The Systems Management solutions market is very similar. If your solution isn’t running it isn’t monitoring your customer’s environment. It isn’t alerting. It isn’t controlling change. It isn’t reinforcing process… In short, it isn’t managing their systems at all. This is perhaps all the more bizarre as the very tools the Systems Management folks are selling are the very tools they should be using to deliver proactive and predictive support services. Yes, the Systems Management market has some serious “eating its own dog food” related issues to address.

But what if the support offerings in your market have already started to move beyond reactive break / fix?

Fear not! Support can still be a competitive differentiator. Product value is proportional to product usage in many (if not most or all) instances. Getting your customers to use more of the capabilities of your stuff helps them to get a bigger bang for their technology investment buck. It also means that their perceptions of your product improve. Product advocacy services can help drive feature and function adoption. This in turn can drive improved product value. This will undoubtedly make existing customers happier and less likely to defect. The aggregated business peformance metrics of these happy and productive customers can then be used as a value added content stream.  Content that can be leveraged as a competitive stick with which to beat your rivals into a pulp.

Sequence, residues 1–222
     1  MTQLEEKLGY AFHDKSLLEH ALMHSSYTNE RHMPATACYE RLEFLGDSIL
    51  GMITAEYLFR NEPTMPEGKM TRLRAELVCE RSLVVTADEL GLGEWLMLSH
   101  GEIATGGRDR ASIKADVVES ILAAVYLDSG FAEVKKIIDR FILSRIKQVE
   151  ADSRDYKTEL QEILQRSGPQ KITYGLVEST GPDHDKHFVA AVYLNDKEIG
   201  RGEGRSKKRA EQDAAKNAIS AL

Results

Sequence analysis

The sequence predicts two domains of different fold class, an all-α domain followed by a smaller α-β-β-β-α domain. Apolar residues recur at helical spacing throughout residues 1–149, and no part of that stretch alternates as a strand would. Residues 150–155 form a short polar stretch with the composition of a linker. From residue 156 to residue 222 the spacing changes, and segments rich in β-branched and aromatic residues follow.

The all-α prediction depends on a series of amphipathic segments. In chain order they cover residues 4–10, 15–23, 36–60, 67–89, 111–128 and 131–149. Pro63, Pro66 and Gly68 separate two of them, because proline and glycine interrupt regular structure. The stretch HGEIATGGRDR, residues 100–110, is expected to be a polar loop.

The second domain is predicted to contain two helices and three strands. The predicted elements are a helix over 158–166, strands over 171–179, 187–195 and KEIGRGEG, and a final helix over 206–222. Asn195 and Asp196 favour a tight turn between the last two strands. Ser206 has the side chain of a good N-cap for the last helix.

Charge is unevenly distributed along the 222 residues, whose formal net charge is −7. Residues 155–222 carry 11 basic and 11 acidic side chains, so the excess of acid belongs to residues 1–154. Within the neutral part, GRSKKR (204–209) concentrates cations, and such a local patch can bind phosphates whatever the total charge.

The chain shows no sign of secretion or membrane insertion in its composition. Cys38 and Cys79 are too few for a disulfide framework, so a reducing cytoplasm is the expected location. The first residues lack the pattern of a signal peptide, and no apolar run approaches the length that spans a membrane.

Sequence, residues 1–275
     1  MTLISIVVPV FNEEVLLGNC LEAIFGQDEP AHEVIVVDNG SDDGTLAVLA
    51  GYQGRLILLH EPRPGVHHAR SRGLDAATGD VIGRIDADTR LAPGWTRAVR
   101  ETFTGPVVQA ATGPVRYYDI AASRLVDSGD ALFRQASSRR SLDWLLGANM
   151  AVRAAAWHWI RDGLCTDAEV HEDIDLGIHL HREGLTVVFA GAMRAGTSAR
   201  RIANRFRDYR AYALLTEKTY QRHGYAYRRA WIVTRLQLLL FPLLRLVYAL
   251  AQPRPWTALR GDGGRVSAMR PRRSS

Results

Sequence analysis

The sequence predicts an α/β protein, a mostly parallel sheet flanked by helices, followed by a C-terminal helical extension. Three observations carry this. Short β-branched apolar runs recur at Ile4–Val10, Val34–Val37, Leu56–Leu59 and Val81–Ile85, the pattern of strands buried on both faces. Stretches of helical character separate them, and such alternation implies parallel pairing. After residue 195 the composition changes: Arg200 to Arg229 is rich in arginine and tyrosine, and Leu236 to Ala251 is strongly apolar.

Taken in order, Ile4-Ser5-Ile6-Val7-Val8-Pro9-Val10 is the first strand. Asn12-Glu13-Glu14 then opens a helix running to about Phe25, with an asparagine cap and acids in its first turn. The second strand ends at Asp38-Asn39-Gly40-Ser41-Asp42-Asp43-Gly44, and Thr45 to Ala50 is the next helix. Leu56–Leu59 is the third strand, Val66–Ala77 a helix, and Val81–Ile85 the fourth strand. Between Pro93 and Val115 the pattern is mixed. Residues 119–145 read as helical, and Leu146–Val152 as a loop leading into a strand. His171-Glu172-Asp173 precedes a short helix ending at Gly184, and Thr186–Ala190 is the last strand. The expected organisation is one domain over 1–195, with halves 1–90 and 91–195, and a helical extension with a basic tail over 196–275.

Support’s role as a competitive weapon remains largely untapped. But its potential power is frightening (in a good way).

So we have incident prevention and product advocacy in the competitive arsenal… Anything else?